The goddess Athena discarded and cursed her flute after discovering her face distorted while playing.
Then a poor schmuck – a Satyr named Marsyas – found the discarded instrument, learned to make beautiful music, and wound up dead after challenging Apollo to a play-off.
I love Greek mythology, full of egos and drama. And my spouse studied classical archeology. We have loads of books on myth and history. One mythology handbook, written by Hyginus in Latin around 300-400 A.D., includes this great story about Athena’s flute and her vanity.
Here’s how it starts:
“They say that (Athena) was the first to fashion a flute out of deer-bone. She came to the gods’ banquet table to play it, but (Hera) and (Aphrodite) made fun of her becuase she turned blue and puffed out her cheeks.”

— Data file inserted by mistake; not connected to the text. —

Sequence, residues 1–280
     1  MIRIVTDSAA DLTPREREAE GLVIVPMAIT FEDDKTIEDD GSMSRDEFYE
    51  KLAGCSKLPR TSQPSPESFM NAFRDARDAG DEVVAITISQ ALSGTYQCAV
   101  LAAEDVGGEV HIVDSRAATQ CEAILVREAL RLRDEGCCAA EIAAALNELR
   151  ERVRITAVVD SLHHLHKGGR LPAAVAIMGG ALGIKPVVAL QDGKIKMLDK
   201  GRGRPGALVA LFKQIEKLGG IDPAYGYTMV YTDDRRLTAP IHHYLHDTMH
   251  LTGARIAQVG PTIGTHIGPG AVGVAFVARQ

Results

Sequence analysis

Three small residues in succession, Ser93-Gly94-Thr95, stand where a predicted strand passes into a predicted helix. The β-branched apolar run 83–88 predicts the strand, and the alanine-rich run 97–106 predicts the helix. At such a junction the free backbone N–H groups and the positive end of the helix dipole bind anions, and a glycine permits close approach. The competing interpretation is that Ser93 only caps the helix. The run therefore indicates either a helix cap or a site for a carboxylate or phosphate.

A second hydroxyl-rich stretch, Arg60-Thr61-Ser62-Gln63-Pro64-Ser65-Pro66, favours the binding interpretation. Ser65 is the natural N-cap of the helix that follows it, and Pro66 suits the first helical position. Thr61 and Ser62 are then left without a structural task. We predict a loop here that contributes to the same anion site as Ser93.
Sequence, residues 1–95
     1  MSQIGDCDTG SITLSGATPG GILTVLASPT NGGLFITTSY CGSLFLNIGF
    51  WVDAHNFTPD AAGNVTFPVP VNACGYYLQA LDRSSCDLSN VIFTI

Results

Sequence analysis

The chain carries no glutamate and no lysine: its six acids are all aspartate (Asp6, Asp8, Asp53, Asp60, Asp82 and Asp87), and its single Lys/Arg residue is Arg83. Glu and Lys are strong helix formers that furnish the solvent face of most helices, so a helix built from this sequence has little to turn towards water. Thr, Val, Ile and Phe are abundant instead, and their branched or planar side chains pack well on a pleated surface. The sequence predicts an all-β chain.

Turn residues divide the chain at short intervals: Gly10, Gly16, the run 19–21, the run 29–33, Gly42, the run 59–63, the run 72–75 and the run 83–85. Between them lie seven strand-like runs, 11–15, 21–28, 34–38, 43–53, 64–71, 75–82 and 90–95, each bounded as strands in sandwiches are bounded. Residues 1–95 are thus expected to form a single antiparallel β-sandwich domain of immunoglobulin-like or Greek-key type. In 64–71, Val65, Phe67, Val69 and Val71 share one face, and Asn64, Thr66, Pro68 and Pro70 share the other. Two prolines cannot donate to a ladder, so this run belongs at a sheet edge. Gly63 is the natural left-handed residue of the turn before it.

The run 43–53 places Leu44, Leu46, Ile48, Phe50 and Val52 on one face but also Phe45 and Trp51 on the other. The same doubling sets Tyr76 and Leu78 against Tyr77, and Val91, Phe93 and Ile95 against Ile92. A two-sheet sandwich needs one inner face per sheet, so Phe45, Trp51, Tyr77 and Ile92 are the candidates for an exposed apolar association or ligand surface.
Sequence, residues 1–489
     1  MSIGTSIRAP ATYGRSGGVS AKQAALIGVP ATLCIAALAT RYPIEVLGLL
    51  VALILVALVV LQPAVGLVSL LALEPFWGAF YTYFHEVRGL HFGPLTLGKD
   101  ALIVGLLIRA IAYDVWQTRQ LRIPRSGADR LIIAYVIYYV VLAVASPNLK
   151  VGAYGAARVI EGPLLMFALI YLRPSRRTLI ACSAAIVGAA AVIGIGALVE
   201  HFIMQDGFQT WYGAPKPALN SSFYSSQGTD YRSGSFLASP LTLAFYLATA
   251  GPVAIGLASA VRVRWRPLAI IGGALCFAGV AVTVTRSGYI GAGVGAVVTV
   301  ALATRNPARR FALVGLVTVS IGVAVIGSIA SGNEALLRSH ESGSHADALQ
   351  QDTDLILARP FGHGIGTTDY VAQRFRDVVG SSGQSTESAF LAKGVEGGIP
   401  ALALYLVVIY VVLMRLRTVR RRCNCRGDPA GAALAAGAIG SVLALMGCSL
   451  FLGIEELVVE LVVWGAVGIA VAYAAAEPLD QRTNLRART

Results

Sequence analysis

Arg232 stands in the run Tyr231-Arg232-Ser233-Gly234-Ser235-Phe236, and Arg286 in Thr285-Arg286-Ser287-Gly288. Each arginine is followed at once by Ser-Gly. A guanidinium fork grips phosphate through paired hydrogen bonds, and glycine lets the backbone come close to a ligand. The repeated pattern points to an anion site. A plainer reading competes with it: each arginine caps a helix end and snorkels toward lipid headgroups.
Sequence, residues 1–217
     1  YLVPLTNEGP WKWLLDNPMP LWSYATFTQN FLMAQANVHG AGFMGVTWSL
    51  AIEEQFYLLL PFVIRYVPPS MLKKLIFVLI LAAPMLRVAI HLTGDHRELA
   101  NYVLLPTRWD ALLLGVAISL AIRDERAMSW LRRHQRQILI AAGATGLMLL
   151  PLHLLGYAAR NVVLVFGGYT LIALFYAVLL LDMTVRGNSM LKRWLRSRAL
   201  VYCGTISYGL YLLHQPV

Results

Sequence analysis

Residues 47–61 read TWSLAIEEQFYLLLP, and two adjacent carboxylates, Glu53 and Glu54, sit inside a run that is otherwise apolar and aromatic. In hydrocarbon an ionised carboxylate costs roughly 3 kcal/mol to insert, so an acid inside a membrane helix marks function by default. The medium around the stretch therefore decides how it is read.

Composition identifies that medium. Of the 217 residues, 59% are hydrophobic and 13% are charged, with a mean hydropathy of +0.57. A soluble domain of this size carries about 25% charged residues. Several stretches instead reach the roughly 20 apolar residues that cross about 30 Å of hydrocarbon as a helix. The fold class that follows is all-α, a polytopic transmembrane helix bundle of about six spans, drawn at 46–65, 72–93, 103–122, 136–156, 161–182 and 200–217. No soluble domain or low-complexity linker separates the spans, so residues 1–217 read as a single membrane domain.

The puffed-cheek detail, makes me wonder if Athena’s flute was more like an oboe. But I’ll call it a flute for the sake of the story.
Athena huffed off, playing her instrument again in a forest by herself. But when she caught her reflection in a some water, she realized her fellow-goddeses were right.
“There was every reason for them to poke fun at her,” wrote Hyginus.
Athena threw out the flute and cursed it. The half-goat-half-man Marsyas, a shepherd, then discoverd the discarded instrument, learned it and practiced it.
Marsyas played the flute so well he challenged Apollo, the god of music (!), to a musical duel and he almost won. The muses and King Midas (yeah, the guy who later got the golden touch) judged the competition in different versions of the tale.
Apollo took the lead when he proved he could play his stringed instrument upside down. Flutes do not work upside down. So Marsyas lost. And his punishment? Apollo had the goat-man strung up by a tree and flayed.
My take-away is this: Don’t bother challenging the god of music to a music competition. Practical advice for all musicians.
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